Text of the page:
Both yourself and the receiving venue have a vested interested in increasing audience numbers. So data-sharing between yourself and the venue is the best way to achieve this.
Once you know what you are using the data for and you are confident you are GDPR compliant, there is no reason why venues can’t share this data with you. Just remember to talk about this with the venue as early as possible – customers will need to agree to share data with you when they are booking with the venue.
Our Client Relationships Executive Claire Rose has written a great explainer blog on data sharing between producers and venues.
My customers are different from my audience - who am I targeting?
If you’re a production company selling work to venues, then you might wonder if your audience development plan should be targeting venue staff or ticket buyers?
Sometimes an audience member will go to a show specifically to see the work of the production company, sometimes they will go because they are loyal to the venue - but usually they buy a ticket and go because they want to see the show. So having a clear strategy on how you reach ticket-buyers is a good way to prove to venues that your work is a good investment. When you have audience data and numbers this can be used to further add to your selling-points.
Is anyone else doing this?
You can visit the case studies section of our site to see audience development in lots of different types of organisations across the UK and Ireland. We’re always looking for more examples of best practice in audience development, especially in Northern Ireland, so if you have an interesting story to tell – please get in touch.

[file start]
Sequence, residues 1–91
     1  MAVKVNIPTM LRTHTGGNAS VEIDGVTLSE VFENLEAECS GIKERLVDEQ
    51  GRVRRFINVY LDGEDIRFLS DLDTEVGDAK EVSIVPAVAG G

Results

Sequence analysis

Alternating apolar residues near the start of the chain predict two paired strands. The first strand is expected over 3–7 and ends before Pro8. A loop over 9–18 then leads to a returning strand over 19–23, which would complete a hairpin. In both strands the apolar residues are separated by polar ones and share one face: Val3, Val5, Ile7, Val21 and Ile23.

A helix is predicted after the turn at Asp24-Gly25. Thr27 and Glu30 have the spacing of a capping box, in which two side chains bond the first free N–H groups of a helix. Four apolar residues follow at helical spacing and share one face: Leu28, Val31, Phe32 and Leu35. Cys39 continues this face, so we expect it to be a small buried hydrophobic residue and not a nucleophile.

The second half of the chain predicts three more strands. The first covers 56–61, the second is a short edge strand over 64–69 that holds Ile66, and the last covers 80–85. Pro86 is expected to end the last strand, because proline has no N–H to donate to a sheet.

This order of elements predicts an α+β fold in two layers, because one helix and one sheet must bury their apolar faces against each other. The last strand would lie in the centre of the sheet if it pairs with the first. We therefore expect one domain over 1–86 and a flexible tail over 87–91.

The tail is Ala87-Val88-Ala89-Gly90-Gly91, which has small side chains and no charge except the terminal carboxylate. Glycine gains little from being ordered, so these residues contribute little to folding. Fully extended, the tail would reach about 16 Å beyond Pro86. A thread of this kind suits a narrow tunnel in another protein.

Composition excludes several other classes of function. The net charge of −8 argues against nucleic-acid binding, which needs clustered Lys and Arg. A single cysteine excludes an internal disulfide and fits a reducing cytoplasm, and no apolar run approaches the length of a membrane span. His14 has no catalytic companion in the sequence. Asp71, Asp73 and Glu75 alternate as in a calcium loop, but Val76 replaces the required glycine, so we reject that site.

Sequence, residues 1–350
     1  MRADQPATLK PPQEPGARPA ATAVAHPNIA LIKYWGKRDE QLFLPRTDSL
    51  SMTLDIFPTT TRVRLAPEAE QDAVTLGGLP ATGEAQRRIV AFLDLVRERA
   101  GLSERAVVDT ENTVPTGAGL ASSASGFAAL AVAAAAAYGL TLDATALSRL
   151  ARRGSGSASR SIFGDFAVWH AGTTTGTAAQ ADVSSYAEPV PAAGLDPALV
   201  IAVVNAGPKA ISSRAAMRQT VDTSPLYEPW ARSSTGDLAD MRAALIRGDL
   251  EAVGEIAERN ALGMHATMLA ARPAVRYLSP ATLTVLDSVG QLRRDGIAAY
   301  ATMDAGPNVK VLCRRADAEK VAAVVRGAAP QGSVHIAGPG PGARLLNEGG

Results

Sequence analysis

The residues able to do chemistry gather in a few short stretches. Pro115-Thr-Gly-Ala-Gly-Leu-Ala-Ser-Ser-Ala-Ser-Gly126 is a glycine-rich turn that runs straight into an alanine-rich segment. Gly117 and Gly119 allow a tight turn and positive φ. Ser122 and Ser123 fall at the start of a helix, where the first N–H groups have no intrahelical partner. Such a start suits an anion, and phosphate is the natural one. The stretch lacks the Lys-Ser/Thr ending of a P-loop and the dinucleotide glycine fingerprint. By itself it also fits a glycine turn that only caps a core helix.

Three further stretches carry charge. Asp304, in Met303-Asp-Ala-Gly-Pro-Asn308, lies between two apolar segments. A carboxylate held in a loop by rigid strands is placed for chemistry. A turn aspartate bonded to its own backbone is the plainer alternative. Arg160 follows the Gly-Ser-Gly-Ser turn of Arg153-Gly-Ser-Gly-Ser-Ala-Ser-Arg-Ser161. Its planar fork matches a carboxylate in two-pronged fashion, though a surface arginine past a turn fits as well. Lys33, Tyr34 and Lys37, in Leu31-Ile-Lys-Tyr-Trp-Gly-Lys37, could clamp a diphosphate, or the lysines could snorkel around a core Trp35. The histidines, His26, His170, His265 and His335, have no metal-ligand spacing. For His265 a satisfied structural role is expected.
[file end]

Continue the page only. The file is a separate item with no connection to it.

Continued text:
EastSide Arts Festival Performance, Belfast
How long does it take?
It’s a long-term process. Generally, an audience development strategy will last around three years. But there are things you can do right now to start seeing improvements and building deeper connections with your audiences.
Audience development requires time and effort to be effective. But when you’re committed to it, the results will mean that you’re getting a much greater return on investment in terms of the time and money you spend creating work. Instead of concentrating on creating shows and hoping people will turn up, you’ll know there is an audience for the work before you put it out there.
Where can I get help?
You can find free audience development resources and insights on our site, but one of the best ways to get started is to book a free Audience Appointment. We also provide bespoke support and consultancy, along with a range of products and services to help grow and diversify your audiences.